Greenspan Wanted Housing-Bubble Dissent Kept SecretCan you say hubris???... and DANGEROUS hubris to boot: yes - let's restrict debate to the folks in this room - it woud be a bad thing to let any other ideas or opinions influence our unquestioning and unquestioned superhuman understanding.
3 May 2010
As top Federal Reserve officials debated whether there was a housing bubble and what to do about it, then-Chairman Alan Greenspan argued that the dissent should be kept secret so that the Fed wouldn't lose control of the debate to people less well-informed than themselves.
"We run the risk, by laying out the pros and cons of a particular argument, of inducing people to join in on the debate, and in this regard it is possible to lose control of a process that only we fully understand," Greenspan said, according to the transcripts of a March 2004 meeting.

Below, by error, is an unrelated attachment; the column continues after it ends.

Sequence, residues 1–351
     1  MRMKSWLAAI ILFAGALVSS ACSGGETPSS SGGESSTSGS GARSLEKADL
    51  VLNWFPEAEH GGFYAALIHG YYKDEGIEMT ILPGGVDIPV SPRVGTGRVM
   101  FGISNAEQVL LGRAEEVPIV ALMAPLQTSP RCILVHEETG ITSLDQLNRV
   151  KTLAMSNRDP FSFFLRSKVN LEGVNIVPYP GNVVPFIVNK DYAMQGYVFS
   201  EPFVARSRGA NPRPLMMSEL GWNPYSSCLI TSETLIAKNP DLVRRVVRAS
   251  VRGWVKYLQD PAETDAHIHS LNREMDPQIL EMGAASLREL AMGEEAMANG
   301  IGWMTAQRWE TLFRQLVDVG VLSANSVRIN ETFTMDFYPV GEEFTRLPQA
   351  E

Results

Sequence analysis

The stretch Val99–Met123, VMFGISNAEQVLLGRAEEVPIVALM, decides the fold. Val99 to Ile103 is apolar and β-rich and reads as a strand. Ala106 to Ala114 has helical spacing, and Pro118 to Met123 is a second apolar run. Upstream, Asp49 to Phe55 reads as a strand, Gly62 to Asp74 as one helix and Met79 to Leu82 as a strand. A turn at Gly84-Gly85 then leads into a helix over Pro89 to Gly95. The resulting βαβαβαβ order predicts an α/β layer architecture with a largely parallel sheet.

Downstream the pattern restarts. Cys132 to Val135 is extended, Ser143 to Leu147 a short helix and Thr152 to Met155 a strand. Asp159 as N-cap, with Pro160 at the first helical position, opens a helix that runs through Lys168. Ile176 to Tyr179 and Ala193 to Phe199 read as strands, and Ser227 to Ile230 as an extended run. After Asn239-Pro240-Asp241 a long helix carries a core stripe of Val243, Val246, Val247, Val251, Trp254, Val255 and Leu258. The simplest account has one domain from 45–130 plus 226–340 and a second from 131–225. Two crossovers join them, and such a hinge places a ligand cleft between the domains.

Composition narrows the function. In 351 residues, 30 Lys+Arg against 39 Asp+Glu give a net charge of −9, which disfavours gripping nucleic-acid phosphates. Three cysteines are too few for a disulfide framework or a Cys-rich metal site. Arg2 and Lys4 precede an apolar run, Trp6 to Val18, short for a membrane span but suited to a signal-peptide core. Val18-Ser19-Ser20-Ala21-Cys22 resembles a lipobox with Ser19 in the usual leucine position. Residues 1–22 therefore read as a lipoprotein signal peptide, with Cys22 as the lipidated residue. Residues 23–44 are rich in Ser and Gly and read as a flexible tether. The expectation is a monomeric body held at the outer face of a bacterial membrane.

Treatises have been written about this phenomenon - it's called GroupThink.
It is ALWAYS dangerous, and frequently disastrous (see, e.g., Bay of Pigs).
Note to policy-makers: if your boss EVER suggests stifling debate because only YOU are sufficiently well-informed to hold a valid opinion... well, that's when it's time to run to your nearest friendly reporter - even if you risk 'compromising' national security.
[I put 'compromising' in quotes because in reality it's the GroupThink bunker mentality that is the real threat to national security, NOT open debate!]
Snide aside: I don't think the demigod Greenspan knows what the term "fully understand" really means!